Sciencemadness Discussion Board
Not logged in [Login ]
Go To Bottom

Printable Version  
 Pages:  1  
Author: Subject: Metal Shot Heating Bath
JJay
International Hazard
*****




Posts: 3364
Registered: 15-10-2015
Member Is Offline


[*] posted on 27-1-2016 at 22:27
Metal Shot Heating Bath


I have made a couple of attempts at creating a heating mantle and have so far been unsuccessful. So I was wondering what kind of metal shot might make a good heating bath. Copper has some attractive properties but is pretty expensive.... Would steel BBs make a good heating bath for use with mechanical stirring, or are they too large/not conductive enough? Also, what cheap and readily available shot might work well with magnetic stirring?

[Edited on 28-1-2016 by JJay]
View user's profile View All Posts By User
DutchChemistryBox
Hazard to Self
**




Posts: 74
Registered: 24-3-2013
Location: Strasbourg
Member Is Offline

Mood: No Mood

[*] posted on 28-1-2016 at 02:51


http://www.labarmor.com/lab-armor-beads-for-lab-water-baths/

I use those, you can request a free sample. If you ask a friend to request a second sample then you have more then enough for home use.

[Edited on 28-1-2016 by DutchChemistryBox]




View user's profile View All Posts By User
JJay
International Hazard
*****




Posts: 3364
Registered: 15-10-2015
Member Is Offline


[*] posted on 28-1-2016 at 03:59


Quote: Originally posted by DutchChemistryBox  
http://www.labarmor.com/lab-armor-beads-for-lab-water-baths/

I use those, you can request a free sample. If you ask a friend to request a second sample then you have more then enough for home use.

[Edited on 28-1-2016 by DutchChemistryBox]


"Starting at $1399" - I think I would definitely have to try a sample before making that purchase.

Their beads look quite a bit larger than BBs. So I guess BBs would probably work for thermal transfer, although they would tend to shift/roll around more than beads.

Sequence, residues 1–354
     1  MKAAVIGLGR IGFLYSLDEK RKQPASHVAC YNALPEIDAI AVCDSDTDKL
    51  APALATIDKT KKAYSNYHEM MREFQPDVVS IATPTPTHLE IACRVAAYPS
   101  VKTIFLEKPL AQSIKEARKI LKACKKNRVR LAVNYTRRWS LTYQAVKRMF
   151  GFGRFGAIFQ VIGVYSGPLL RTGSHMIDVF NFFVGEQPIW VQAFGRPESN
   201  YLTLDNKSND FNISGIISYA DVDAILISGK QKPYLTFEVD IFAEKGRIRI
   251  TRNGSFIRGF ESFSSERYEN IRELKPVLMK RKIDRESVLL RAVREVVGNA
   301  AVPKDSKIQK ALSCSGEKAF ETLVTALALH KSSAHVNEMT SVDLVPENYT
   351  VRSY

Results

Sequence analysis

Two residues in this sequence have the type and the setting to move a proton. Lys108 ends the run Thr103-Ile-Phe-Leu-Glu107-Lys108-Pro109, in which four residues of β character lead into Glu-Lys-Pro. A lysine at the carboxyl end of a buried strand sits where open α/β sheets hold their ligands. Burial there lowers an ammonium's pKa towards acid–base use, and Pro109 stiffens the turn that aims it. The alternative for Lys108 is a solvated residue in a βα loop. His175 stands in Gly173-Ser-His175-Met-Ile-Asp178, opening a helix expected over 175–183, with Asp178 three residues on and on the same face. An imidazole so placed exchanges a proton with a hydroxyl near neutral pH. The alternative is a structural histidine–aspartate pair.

View user's profile View All Posts By User
Sulaiman
International Hazard
*****




Posts: 2901
Registered: 8-2-2015
Location: UK ... on extended Holiday in Malaysia
Member Is Offline


[*] posted on 28-1-2016 at 05:30


Also note that those beads are rated for -80 to +180 celcius.
View user's profile View All Posts By User
MrHomeScientist
International Hazard
*****




Posts: 1803
Registered: 24-10-2010
Location: Flerovium
Member Is Offline

Mood: No Mood

[*] posted on 28-1-2016 at 05:31


Those are extremely expensive for just being aluminum shot. I'd like to try making some by pouring molten aluminum into water. Would be a hell of a lot cheaper, if you have a furnace. I built one out of an old charcoal chimney and hair dryer.
View user's profile Visit user's homepage View All Posts By User
careysub
International Hazard
*****




Posts: 1339
Registered: 4-8-2014
Location: Coastal Sage Scrub Biome
Member Is Offline

Mood: Lowest quantum state

[*] posted on 28-1-2016 at 06:17


There have been a couple of threads on this recently, which I believe you read.

There are cheaper aluminum shot/pellet sources than LabArmor:
http://www.sciencemadness.org/talk/viewthread.php?tid=64259
http://www.sciencemadness.org/talk/viewthread.php?tid=64841

Look up the vendor "handi-ramp510" on eBay: 10 lb of aluminum for $50.

Aluminum conducts heat 5 times better than steel, and is 1/3 the weight.

There is also copper metal powder on eBay $52 for 4 lb (or $120 for 10 lb). Copper conducts twice as well as aluminum (but is also 3 times denser).

Prices:
Lab Armor beads: $100/Liter
handi-ramp510 pellets: $23/Liter
Copper powder: $178/Liter

I was just looking at a chem lab handbook about "metal baths" - molten low mp bismuth-lead alloys. The really low mp alloys all either have cadmium in them, which would make me wary of cadmium fumes, or indium which is really expensive.

Rose's metal with an mp of 98 C/208 F is the lowest mp alloy with neither cadmium or indium and is $340/Liter from Rotometals (its density is 9.7).

It occurs to me that combining the aluminum pellets with the copper powder might make a good substitute to using a liquid metal bath. The super-efficient conducting copper powder would fill the pellet void giving a boost to thermal conductivity in two ways.

Maximum random packing density for spheres is 64%. A mix of pellets and powder would be something like 60% aluminum pellets (assuming the squat cylinder pellets don't pack quite as tightly), 40% copper powder (copper powder is not solid, so it is something like 30% copper metal and 10% air).

This would make a dry bath costing $85/Liter, with a density of 4.3.

BTW - I don't think "shifting" is a problem with a bath. You would presumably clamp your flask in place, then pour in the bath beads.

[Edited on 28-1-2016 by careysub]
View user's profile View All Posts By User
MrHomeScientist
International Hazard
*****




Posts: 1803
Registered: 24-10-2010